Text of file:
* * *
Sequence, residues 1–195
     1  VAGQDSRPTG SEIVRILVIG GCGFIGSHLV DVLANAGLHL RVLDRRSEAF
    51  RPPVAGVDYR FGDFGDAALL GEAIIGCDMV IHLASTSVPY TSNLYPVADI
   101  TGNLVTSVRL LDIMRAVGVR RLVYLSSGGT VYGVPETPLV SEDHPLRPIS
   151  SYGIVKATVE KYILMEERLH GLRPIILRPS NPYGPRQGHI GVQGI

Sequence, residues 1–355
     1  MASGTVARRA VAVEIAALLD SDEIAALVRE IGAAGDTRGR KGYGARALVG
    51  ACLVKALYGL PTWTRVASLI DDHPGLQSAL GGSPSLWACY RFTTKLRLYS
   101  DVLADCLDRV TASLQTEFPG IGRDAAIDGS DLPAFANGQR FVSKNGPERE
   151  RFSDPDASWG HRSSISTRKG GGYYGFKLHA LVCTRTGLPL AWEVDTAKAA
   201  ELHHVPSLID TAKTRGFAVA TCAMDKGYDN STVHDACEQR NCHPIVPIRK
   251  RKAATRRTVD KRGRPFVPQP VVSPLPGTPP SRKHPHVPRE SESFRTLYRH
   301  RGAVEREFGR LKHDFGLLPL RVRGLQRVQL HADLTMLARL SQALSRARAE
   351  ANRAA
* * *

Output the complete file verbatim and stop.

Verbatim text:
Sequence, residues 1–195
     1  VAGQDSRPTG SEIVRILVIG GCGFIGSHLV DVLANAGLHL RVLDRRSEAF
    51  RPPVAGVDYR FGDFGDAALL GEAIIGCDMV IHLASTSVPY TSNLYPVADI
   101  TGNLVTSVRL LDIMRAVGVR RLVYLSSGGT VYGVPETPLV SEDHPLRPIS
   151  SYGIVKATVE KYILMEERLH GLRPIILRPS NPYGPRQGHI GVQGI

Sequence, residues 1–355
     1  MASGTVARRA VAVEIAALLD SDEIAALVRE IGAAGDTRGR KGYGARALVG
    51  ACLVKALYGL PTWTRVASLI DDHPGLQSAL GGSPSLWACY RFTTKLRLYS
   101  DVLADCLDRV TASLQTEFPG IGRDAAIDGS DLPAFANGQR FVSKNGPERE
   151  RFSDPDASWG HRSSISTRKG GGYYGFKLHA LVCTRTGLPL AWEVDTAKAA
   201  ELHHVPSLID TAKTRGFAVA TCAMDKGYDN STVHDACEQR NCHPIVPIRK
   251  RKAATRRTVD KRGRPFVPQP VVSPLPGTPP SRKHPHVPRE SESFRTLYRH
   301  RGAVEREFGR LKHDFGLLPL RVRGLQRVQL HADLTMLARL SQALSRARAE
   351  ANRAA